Thứ Sáu, 4 tháng 8, 2017

AUGUST 05, 2017 : SATURDAY OF THE SEVENTEENTH WEEK IN ORDINARY TIME

Saturday of the Seventeenth Week in Ordinary Time
Lectionary: 406

Reading 1LV 25:1, 8-17
The LORD said to Moses on Mount Sinai,
"Seven weeks of years shall you count–seven times seven years–
so that the seven cycles amount to forty-nine years.
Then, on the tenth day of the seventh month, let the trumpet resound;
on this, the Day of Atonement, the trumpet blast shall re-echo
throughout your land.
This fiftieth year you shall make sacred
by proclaiming liberty in the land for all its inhabitants.
It shall be a jubilee for you,
when every one of you shall return to his own property,
every one to his own family estate.
In this fiftieth year, your year of jubilee,
you shall not sow, nor shall you reap the aftergrowth
or pick the grapes from the untrimmed vines.
Since this is the jubilee, which shall be sacred for you,
you may not eat of its produce,
except as taken directly from the field.

"In this year of jubilee, then,
every one of you shall return to his own property.
Therefore, when you sell any land to your neighbor
or buy any from him, do not deal unfairly.
On the basis of the number of years since the last jubilee
shall you purchase the land from your neighbor;
and so also, on the basis of the number of years for crops,
shall he sell it to you.
When the years are many, the price shall be so much the more;
when the years are few, the price shall be so much the less.
For it is really the number of crops that he sells you.
Do not deal unfairly, then; but stand in fear of your God.
I, the LORD, am your God."

Responsorial PsalmPS 67:2-3, 5, 7-8
R. (4) O God, let all the nations praise you!
May God have pity on us and bless us;
may he let his face shine upon us.
So may your way be known upon earth;
among all nations, your salvation.
R. O God, let all the nations praise you!
May the nations be glad and exult
because you rule the peoples in equity;
the nations on the earth you guide.
R. O God, let all the nations praise you!
The earth has yielded its fruits;
God, our God, has blessed us.
May God bless us,
and may all the ends of the earth fear him!
R. O God, let all the nations praise you!

AlleluiaMT 5:10
R. Alleluia, alleluia.
Blessed are they who are persecuted for the sake of righteousness
for theirs is the Kingdom of heaven.
R. Alleluia, alleluia.

GospelMT 14:1-12
Herod the tetrarch heard of the reputation of Jesus
and said to his servants, "This man is John the Baptist.
He has been raised from the dead;
that is why mighty powers are at work in him."

Now Herod had arrested John, bound him, and put him in prison
on account of Herodias, the wife of his brother Philip,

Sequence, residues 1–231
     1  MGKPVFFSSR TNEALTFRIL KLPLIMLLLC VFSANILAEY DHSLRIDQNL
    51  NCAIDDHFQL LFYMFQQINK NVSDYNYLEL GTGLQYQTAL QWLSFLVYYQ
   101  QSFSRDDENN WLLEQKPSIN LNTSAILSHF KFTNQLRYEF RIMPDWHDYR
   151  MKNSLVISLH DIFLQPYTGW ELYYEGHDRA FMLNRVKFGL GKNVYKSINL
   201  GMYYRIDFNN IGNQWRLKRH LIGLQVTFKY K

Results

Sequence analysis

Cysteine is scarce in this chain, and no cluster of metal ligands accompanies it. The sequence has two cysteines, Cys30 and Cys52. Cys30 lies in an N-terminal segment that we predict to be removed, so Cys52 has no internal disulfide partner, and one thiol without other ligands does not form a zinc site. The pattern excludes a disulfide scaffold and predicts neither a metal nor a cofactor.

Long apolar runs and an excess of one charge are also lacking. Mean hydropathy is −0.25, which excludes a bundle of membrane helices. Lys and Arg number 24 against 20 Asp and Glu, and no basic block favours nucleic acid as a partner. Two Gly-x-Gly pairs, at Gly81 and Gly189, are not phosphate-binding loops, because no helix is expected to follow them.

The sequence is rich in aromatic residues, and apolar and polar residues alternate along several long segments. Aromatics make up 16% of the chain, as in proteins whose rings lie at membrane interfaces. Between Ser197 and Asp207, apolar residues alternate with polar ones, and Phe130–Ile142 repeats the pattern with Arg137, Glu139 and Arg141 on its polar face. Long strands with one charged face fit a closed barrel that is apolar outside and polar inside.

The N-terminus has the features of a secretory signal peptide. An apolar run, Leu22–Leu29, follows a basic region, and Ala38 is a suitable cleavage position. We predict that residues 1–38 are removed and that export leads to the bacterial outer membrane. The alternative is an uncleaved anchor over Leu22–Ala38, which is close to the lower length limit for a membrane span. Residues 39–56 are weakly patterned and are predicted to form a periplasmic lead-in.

for John had said to him,
"It is not lawful for you to have her."
Although he wanted to kill him, he feared the people,
for they regarded him as a prophet.
But at a birthday celebration for Herod,
the daughter of Herodias performed a dance before the guests
and delighted Herod so much
that he swore to give her whatever she might ask for.
Prompted by her mother, she said,
"Give me here on a platter the head of John the Baptist."
The king was distressed, 
but because of his oaths and the guests who were present,
he ordered that it be given, and he had John beheaded in the prison.
His head was brought in on a platter and given to the girl,
who took it to her mother.
His disciples came and took away the corpse
and buried him; and they went and told Jesus.


Meditation: Herod's reaction to John the Baptist
Do you ever feel haunted by a past failure or a guilty conscience? King Herod, the most powerful and wealthy man in Judea, had everything he wanted, except a clear conscience and peace with God. Herod had respected and feared John the Baptist as a great prophet and servant of God. John, however did not fear to rebuke Herod for his adulterous relationship with his brother's wife. He ended up in prison because of Herodias' jealousy. Herod, out of impulse and a desire to please his family and friends, had John beheaded. Now his conscience is pricked when he hears that all the people are going to Jesus to hear his message of repentance and to see his mighty works. Herod is now haunted by the thought that the prophet he murdered might now be raised from the dead!
A sign of vanity and cowardice
Unfortunately for Herod, he could not rid himself of sin by ridding himself of the man who confronted him with his sin. Herod's power and influence was badly flawed. He could take a strong stand on the wrong things when he knew the right. Such a stand, however, was a sign of weakness and cowardice. Where do you get the strength of will and heart to choose what is right and to reject what is bad?
God is our help and our strength